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  • caldun09


Updated: Dec 18, 2020

I love the odd drop of soup during the cold winter months . It is such a delicious lunch when served with a good slice of home-made brown bread. This should be generously covered with a goodish layer of Irish creamery butter topped off with a thick slice of Wexford Cheddar Cheese.

When I was walking through the aisles in the supermarket last week, I noticed a lot of shelf space taken up with packet soups, cuppa soups and ready-made gear in plastic containers. There were some very nicely named concoctions contained therein. I was shopping in a subsidiary role with the trolley pusher function assigned to me.

I did however stop to peruse the ready -made soup section and deposited two cartons in the trolley. One of them was named cream of mushroom soup and the other was labelled tomato soup.

Now all I needed was a lunch time and a pot to heat up the mushroom soup. On the following day I suggested we might try out the latest mushroom soup purchase and once I had a nodded agreement the said soup was heated. The brown bread was sliced, and we were ready to sample our latest gastronomic feast.

Now I’m a fair connoisseur of mushrooms being from an era when grandmother and I rose at 5 am to pick the cupeens .We brought them home to fry on the range, with a little knob of butter in each and ate them when the juices started to pour out over the top.

Now I must say that this mushroom soup that I was imbibing bore very little relationship to the tastes I experienced in my range frying days. Whoever was in charge of the mushrooms for the alleged soup must have stood a fair distance from the pot and was pretty miserly with the amount allotted.

My experience was not good and so having consulted with the head chef we decided it was the time of year to make some home brewed soup.

Following some chat about favoured tastes we examined the fridge. We had some broccoli, Cauliflower, celery, and leeks and so the soup brand would be determined by availability of the said veggies.

The commis chef swung into action cleaning the leeks and celery. Then with our latest purchase of a Neven Maguire chopping knife I proceeded to chop them into fine pieces.The head chef then proceeded with putting them in a largish saucepan. They were then covered with greaseproof paper . The lid was placed on top and we sweated the living daylights out of them.

Next for the chop was the cauliflower and then finally the broccoli. It was essential to trim the broccoli stalks properly and to put them into the pot for added flavour.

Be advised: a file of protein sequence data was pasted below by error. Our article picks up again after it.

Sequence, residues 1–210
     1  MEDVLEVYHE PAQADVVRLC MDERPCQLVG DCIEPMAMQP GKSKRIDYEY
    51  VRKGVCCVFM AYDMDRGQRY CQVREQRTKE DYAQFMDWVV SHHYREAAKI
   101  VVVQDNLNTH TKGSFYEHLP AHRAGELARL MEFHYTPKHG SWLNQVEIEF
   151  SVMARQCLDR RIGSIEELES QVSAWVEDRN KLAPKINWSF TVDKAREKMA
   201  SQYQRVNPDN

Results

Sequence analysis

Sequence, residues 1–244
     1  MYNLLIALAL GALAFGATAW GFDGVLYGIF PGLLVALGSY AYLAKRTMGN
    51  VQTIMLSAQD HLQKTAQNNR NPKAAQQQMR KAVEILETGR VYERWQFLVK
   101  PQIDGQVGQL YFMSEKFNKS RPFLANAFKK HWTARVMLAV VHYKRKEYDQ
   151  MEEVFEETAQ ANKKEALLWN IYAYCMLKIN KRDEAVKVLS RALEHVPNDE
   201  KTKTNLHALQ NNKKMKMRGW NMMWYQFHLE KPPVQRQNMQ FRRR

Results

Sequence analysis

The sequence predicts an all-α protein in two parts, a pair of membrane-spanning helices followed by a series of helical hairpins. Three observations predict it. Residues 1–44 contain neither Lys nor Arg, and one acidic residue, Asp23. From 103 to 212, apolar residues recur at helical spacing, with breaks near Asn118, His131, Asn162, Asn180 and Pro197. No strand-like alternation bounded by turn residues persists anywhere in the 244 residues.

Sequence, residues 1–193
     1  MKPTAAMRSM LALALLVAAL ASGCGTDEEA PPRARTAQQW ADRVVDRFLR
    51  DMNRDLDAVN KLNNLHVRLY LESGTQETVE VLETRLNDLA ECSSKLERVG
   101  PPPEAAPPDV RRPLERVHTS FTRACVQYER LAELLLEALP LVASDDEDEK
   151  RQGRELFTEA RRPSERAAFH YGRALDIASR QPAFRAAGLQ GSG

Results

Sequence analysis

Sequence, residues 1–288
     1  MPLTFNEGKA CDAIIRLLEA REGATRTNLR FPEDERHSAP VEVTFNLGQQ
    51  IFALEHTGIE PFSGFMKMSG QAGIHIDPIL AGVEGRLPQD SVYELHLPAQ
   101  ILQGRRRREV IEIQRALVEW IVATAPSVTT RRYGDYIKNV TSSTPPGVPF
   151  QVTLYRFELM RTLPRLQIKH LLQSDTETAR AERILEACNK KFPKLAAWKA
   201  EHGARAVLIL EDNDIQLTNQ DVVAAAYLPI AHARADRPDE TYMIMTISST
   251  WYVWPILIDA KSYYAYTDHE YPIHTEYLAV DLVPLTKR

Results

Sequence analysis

Lastly, we put in some stock and allowed all the participating veggies to simmer gently and coalesce into one unified body.

Finally it was all blended and boy oh boy ,we had some really serious organic wholesome soup

Now you had the real thing in the form of soup that had the right colour, taste and texture. This was no fake soup. This was real organic broccoli and cauliflower home -made soup. I loved it with the home- made brown bread and whole grain mustard. Yummy, Yummy.

When we have the soup lunch there is nothing nicer as a chaser than the ever-popular cup of tea and a biscuit.

When I was growing in Tralee, we had a Lipton’s shop in town and we got used to their own brand of loose tea. Later with the demise of Liptons in Tralee we transferred allegiance to Barry’s Tea which was blended in neighbouring Cork.

Now for our post organic soup treat we have a cup of tea and a biscuit .Tradition dies hard, people say, and so we go back to our roots . The kettle is boiled off, the teapot is scalded and the two spoons of Barry’s Loose-leaf tea, Gold blend, added to the pot. This is 100% black tea and the taste and flavour are hard to beat.

It is left to brew on the hot plate for a few minutes and is ready for pouring .Then we add a small amount of milk according to taste. A couple of digestives are a very tasty accompaniment to finish off the lunch.

Barry’s is an Irish company , operating in Cork since 1901 The gold blend comes from the finest tea gardens in India’s Assam Valley, Kenya and Rwanda and is blended by their Master blender Denis Daly.

So, there you have it ,the home- made soup, a bit of a ramble through my personal tea history and finally the ever-popular cup of tea and a biscuit to finish off a nice lunch. We have plenty more organic home-made soup now in the freezer, so we have some quickie lunches ahead.

I’ll drink to that.

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